By 1960, Disneyland had five years of success under its belt, and Knott's Berry Farm - long successful in its own right - began to borrow a few pages from the other Walter's playbook. For instance, Knott's added highly themed rides, like the Calico Mine Train.
But Russell Knott -- son of Walter Knott -- wondered how they could they create popular characters that appealed to the public in the same way as Disneyland's mascot, Mickey Mouse? Knott's first attempt at a friendly cartoon host came in the form of Whittles, a happy, scruffy, stubby old miner.
Whittles was designed by young Laguna Beach artist Pete Winter, a former Air Force jet pilot who had also drawn for Dell comics and for a syndicated comic strip called The Toodles. Whittles made his first appearance (along with his trusty burro) in the pages of Howdy Partner, a handbook for Knott's employees.
Soon, Whittles migrated to other park ephemera, including ticket books, maps, and brochures given out to guests. It seems he was met with a pretty positive reaction. For over a decade he appeared only in two-dimensional form, pointing at important bits of text and making various welcoming gestures.
But in the early 1970s, someone at Knott's decided it would be a good idea to turn Whittles in to a three-dimensional walk-around character. Again, the parallels to Disneyland were hard to ignore.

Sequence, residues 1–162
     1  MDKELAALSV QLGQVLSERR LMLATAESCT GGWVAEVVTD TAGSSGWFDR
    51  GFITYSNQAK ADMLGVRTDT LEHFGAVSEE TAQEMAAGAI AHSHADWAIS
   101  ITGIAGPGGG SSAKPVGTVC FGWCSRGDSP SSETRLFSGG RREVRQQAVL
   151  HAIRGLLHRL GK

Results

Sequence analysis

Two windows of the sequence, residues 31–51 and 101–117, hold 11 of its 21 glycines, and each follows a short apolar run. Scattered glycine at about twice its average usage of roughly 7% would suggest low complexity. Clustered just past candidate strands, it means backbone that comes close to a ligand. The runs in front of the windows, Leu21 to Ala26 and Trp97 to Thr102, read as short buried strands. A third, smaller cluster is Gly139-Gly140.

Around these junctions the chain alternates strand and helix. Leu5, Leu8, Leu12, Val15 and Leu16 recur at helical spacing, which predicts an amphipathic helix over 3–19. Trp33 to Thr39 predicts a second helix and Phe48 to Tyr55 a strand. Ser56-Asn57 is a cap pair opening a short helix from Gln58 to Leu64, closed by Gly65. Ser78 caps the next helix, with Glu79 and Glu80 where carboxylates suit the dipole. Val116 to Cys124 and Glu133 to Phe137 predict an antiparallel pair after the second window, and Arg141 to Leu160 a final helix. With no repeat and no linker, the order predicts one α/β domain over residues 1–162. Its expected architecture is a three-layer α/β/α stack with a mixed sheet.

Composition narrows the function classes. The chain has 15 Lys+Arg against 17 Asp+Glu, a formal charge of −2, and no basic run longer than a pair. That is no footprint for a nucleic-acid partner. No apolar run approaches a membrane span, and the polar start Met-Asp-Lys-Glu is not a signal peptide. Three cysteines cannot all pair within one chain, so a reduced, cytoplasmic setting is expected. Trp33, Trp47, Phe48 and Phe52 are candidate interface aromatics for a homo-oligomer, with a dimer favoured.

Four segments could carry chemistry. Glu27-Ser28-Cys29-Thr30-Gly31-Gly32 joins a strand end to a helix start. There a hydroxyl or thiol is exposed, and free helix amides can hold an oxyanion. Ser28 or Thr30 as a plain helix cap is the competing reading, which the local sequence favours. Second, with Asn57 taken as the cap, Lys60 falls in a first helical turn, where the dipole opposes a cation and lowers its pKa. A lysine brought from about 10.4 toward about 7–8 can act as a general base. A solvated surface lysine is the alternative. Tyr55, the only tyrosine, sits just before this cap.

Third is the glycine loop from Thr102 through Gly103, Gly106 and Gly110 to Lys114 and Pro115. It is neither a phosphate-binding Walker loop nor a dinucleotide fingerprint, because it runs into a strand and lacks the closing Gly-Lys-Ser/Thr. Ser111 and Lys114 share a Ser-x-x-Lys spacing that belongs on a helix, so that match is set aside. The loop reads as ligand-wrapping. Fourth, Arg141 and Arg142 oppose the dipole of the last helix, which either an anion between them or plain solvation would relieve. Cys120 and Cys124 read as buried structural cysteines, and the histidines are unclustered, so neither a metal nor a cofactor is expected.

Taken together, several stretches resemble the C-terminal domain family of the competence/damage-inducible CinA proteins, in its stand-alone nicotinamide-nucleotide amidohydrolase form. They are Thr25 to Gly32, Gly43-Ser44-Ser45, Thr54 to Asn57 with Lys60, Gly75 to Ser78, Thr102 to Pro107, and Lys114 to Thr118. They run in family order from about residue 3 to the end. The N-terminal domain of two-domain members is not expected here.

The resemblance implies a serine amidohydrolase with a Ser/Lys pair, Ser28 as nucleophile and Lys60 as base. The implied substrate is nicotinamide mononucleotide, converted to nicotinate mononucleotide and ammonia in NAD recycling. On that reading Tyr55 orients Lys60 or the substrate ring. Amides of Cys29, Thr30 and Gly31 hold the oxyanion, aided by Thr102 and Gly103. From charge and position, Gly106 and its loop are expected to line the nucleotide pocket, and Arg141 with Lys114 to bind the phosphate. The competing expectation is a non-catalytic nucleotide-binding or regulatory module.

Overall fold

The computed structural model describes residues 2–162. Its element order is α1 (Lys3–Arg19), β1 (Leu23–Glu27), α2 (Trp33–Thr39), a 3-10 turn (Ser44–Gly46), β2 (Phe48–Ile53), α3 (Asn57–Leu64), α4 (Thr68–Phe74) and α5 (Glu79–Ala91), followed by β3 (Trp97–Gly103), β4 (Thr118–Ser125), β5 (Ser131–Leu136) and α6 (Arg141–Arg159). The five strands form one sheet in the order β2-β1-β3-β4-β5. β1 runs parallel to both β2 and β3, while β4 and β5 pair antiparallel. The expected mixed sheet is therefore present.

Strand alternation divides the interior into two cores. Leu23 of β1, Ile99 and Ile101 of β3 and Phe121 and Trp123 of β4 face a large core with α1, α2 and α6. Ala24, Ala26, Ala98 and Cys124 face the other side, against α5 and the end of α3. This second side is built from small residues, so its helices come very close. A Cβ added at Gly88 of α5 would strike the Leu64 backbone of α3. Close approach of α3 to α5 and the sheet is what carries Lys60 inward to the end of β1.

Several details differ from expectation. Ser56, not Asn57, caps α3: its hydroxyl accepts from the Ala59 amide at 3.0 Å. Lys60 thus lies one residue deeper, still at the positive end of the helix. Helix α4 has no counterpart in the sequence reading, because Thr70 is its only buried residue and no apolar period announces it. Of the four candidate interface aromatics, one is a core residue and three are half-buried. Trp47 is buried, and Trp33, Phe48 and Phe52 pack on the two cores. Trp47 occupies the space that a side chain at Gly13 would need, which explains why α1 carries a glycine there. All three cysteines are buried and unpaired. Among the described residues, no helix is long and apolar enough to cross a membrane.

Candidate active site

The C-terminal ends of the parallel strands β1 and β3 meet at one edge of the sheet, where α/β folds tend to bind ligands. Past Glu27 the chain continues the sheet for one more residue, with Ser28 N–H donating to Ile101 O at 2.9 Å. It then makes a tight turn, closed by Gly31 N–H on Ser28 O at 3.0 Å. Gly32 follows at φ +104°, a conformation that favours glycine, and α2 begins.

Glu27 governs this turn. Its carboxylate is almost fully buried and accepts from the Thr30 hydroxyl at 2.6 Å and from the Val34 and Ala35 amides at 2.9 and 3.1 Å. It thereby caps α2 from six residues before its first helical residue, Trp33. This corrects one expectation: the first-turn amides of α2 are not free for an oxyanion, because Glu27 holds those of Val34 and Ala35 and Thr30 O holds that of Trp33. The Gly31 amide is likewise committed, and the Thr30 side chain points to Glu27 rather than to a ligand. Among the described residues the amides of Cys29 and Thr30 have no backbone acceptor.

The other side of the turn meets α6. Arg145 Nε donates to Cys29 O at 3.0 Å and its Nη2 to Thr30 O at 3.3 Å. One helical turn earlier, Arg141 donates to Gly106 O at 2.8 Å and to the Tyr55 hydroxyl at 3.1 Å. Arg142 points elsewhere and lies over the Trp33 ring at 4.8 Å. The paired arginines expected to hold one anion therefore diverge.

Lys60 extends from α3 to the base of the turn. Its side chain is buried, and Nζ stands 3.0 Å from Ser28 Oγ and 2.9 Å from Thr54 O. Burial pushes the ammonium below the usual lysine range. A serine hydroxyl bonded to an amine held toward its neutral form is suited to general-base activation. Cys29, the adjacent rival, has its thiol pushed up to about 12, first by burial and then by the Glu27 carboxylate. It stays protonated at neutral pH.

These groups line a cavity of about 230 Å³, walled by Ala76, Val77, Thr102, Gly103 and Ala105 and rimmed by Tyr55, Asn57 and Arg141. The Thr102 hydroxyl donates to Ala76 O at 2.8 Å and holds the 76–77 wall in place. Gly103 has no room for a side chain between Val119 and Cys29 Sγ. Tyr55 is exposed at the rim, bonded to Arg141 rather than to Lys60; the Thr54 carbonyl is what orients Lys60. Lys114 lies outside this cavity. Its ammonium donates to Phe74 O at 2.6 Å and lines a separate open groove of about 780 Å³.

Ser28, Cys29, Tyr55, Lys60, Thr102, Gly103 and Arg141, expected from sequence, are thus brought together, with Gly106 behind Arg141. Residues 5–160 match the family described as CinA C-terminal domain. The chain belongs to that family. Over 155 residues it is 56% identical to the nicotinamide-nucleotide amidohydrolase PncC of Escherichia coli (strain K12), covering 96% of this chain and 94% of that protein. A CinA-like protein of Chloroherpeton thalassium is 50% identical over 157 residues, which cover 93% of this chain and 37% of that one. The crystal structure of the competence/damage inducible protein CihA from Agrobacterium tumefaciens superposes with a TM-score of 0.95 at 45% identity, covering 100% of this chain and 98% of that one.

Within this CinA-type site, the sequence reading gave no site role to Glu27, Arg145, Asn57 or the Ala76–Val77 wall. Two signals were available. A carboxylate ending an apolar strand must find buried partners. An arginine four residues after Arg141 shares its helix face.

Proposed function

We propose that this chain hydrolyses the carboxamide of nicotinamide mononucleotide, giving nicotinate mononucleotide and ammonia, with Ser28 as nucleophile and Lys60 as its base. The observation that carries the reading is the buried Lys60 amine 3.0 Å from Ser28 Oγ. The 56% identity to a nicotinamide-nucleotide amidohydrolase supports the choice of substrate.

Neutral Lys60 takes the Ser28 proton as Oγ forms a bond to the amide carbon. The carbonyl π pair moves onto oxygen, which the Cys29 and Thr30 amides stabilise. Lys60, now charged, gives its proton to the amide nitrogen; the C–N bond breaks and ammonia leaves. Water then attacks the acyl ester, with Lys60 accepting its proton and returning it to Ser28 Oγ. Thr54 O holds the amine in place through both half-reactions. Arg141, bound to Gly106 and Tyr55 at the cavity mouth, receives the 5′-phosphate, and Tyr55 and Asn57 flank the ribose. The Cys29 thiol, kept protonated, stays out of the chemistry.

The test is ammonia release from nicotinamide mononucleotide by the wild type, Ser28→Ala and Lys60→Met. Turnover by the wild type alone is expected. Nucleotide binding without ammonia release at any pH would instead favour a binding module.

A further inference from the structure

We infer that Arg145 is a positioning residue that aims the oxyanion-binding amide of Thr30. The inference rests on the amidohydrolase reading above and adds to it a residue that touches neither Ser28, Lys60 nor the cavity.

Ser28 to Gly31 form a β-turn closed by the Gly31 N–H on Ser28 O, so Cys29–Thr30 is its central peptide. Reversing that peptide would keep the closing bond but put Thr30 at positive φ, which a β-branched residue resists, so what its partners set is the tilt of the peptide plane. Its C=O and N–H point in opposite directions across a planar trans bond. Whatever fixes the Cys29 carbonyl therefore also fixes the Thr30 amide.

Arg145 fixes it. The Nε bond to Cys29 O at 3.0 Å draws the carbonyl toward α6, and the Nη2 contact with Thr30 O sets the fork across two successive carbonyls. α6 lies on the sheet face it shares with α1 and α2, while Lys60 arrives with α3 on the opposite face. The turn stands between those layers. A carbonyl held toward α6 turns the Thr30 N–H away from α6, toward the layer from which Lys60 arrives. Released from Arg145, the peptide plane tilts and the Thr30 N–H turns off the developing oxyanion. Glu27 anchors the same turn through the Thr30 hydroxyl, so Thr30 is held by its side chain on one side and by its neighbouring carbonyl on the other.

The first to portray the cartoon miner was Knott's employee Diana Kirchen (now Kelly), who first donned Whittles' enormous head and little boots in April 1973. (The photo above shows Diana on a recent visit to the Orange County Archives.) Diana already worked in entertainment at Knott's and had performed there as a character from H.R. Pufnstuf the previous year. She also portrayed Annie Oakley, was the DJ at Knott's first disco (at the Airfield Eatery in 1976), and was the first Halloween Haunt witch in 1973.
(Diana has posted some memories of the mid-1970s "Knott's gang" in the form of a YouTube video. It's appropriately set to disco that samples heavily from old Western film scores.)
The photo above shows Diana as Whittles in April 1973, along with a fellow employee. As you can see, the costume was not nearly as endearing as many of Disneyland's walk-around characters. In fact, some children found this neckless, hydrocephalic Gabby Hayes more than a little disturbing. Eventually, a new and improved costume was created.
Here, Diana (as Annie Oakley) stands next to a performer in the second Whittles costume. It was better, and looked more like the cartoon character, but never did become a popular fixture in the park. On many days, Whittles would stand near Knott's front gate, waving to guests. Sadly, not many wanted their pictures taken with him. Eventually he was pulled from the park.
In later years, Knott's found other ways to fill the giant-headed character gap -- First with characters from their Beary Tales dark ride, and later by licensing Snoopy and the other Peanuts characters.
But shed a tear for Whittles - the scroungy little miner who just didn't work in three dimensions.